Jazz, pop singer Tony Bennett still crooning at 87

Tony Bennett, known for his smooth voice, will perform at the Community Arts Center in Williamsport on May 15.
Tony Bennett, known for his smooth voice, will perform at the Community Arts Center in Williamsport on May 15. Photo provided

Making his first appearance in Williamsport, legendary jazz and pop singer Tony Bennett will perform live at the Community Arts Center on May 15. Known for popular music, standards, show tunes and jazz, Bennett is perhaps best known for his signature song “I Left My Heart in San Francisco,” recorded in 1962. Bennett’s daughter, Antonia, will be a guest vocalist.

Still hip with audiences at age 87, the iconic pop and jazz crooner has performed for more years and at a higher level of excellence than perhaps any other artist in popular American music. Bennett reached an artistic peak in the late 1950s with albums such as “The Beat of My Heart” and “Basie Swings, Bennett Sings” with the Count Basie Orchestra. His career then suffered a downturn during the height of the rock-music era, but regained popularity in the late 1980s and ‘90s. Most recently, Bennett has experienced a kind of a renaissance, thanks to various duet albums with modern rock singers.

During his illustrious six-decade career, Bennett has won 17 Grammy Awards, two Emmy Awards, and has sold more than 50 million records worldwide. Aside from music, Bennett also is an accomplished painter, with works on permanent public display in several institutions. He is the founder of the Frank Sinatra School of the Arts in New York City.

Bennett recalled growing up in the Depression, a time when there was not a lot of money to spend on entertainment. If you bought a record, you had to make sure that the entire family would enjoy it.

“I remember one of the first records I purchased was of Enrico Caruso, and I had an uncle who was connected to Broadway so I got to see theatrical productions as a result,” he said. “But it was jazz music that hit me hard, and the first time I heard it, I just fell in love with it and feel that way now. It’s America’s classical music and it’s an art form that we invented in this country.”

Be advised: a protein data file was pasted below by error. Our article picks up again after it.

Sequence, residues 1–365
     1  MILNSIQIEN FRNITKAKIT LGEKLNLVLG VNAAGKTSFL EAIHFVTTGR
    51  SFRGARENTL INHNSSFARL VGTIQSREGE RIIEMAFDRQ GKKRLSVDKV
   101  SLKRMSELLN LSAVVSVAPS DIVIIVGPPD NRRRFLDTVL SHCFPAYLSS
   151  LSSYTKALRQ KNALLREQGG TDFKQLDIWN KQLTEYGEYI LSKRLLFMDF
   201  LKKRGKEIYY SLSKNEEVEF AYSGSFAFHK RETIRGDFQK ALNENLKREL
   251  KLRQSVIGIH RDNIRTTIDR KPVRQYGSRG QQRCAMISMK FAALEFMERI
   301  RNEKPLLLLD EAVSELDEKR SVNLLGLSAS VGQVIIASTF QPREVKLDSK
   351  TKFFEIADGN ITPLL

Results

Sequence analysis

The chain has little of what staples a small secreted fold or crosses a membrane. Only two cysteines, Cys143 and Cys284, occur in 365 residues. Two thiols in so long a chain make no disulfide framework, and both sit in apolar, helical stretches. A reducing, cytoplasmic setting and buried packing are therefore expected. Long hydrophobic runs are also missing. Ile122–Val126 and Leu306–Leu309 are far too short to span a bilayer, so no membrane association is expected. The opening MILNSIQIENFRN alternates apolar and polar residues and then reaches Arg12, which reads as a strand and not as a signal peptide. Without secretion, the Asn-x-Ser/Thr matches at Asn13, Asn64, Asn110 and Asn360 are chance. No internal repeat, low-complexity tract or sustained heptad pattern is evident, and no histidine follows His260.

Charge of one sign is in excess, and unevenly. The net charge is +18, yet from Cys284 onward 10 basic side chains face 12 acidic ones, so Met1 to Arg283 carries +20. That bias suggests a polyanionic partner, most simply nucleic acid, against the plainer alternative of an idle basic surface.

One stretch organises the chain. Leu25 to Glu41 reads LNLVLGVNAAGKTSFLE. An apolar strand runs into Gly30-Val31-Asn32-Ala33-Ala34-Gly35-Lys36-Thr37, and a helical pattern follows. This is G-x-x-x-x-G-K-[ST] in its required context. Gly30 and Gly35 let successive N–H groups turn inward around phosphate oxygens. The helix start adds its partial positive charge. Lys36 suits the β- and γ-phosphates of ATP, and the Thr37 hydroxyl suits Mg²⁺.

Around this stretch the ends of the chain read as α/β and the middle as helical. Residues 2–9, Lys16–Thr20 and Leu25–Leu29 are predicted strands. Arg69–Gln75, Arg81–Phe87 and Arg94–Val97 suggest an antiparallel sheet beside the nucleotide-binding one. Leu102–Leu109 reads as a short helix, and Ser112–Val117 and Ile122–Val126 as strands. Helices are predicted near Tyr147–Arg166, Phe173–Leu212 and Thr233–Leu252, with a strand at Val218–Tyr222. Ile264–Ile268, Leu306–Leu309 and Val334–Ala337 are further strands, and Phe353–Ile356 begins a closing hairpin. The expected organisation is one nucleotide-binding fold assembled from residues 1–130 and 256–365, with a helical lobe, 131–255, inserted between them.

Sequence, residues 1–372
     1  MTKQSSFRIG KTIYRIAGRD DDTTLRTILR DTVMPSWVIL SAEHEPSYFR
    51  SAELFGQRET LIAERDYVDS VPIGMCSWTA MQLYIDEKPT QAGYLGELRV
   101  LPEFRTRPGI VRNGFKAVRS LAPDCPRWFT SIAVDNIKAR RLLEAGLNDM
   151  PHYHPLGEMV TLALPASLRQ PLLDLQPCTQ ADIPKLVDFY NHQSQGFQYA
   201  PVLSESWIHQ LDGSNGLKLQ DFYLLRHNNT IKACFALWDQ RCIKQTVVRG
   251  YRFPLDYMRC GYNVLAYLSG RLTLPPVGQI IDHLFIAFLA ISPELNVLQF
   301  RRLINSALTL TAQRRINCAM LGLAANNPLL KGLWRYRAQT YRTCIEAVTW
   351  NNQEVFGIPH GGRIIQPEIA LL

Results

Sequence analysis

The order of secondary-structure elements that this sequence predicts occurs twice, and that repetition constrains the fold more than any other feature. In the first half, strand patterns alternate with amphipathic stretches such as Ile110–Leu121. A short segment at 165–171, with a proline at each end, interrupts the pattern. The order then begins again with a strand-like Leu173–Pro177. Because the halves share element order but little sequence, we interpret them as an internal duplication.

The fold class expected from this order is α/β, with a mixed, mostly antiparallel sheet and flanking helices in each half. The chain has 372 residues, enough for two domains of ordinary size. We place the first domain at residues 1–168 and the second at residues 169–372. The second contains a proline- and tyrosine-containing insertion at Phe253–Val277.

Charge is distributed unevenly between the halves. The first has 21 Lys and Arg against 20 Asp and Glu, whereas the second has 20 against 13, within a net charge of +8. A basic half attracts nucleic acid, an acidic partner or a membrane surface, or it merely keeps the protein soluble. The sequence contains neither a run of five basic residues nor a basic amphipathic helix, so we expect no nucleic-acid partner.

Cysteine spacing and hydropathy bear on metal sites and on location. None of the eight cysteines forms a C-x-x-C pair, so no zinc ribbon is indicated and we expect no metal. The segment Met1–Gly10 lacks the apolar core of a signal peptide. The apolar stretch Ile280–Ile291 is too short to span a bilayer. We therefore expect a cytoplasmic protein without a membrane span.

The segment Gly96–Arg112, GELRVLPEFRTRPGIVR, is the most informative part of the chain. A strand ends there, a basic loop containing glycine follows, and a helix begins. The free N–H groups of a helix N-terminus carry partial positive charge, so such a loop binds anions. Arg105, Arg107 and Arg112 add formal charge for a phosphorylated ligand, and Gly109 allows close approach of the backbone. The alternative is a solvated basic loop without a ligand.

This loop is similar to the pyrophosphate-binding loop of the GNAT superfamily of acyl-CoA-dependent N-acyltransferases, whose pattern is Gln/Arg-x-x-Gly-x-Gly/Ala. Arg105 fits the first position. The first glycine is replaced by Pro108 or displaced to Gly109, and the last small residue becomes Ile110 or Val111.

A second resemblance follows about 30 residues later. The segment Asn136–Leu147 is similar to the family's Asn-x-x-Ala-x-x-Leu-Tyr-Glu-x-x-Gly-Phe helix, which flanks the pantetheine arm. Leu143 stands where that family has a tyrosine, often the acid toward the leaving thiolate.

After serving in World War II, Bennett came home and was fortunate, under the GI Bill, to be able to attend classes at The American Theatre Wing, where one of his vocal coaches, Mimi Speer, gave him some advice that greatly influenced him as a singer.

“She told me not to imitate any other singers as then I would just become one of the chorus. Instead she told me to listen to jazz musicians that I admired and try to emulate their instrumental style,” he said. “I have always loved the pianist Art Tatum. ... he had a very unique style where he would build each song into its own finale layer by layer, creating a mini-monument of each song he performed; and I studied his style and used that in my own song performances.”

Throughout his career, Bennett has had the pleasure to record and perform with a wide array of artists, including Judy Garland, K.D. Lang, and most recently Amy Winehouse and Lady Gaga, with whom he has recorded a complete album which will be released in September. But if there is one artist Bennett regrets never having the honor to perform with, it’s a certain New Orleans jazz legend.

“I will say that the one performer I never got a chance to sing with and would have loved to have had that opportunity is Louis Armstrong,” he said. “He was a consummate performer and he truly taught us all how to sing.”

With a career that spans seven decades, Bennett still performs for all the same reasons he did when he began this musical journey; and he shows no signs of slowing down.

“I just love it — as much today as when I was first starting out,” he said. “I think it is a very noble profession to perform for people, and for a few hours they forget their own problems, and if they leave the show and feel good, that, to me, is a great compliment.”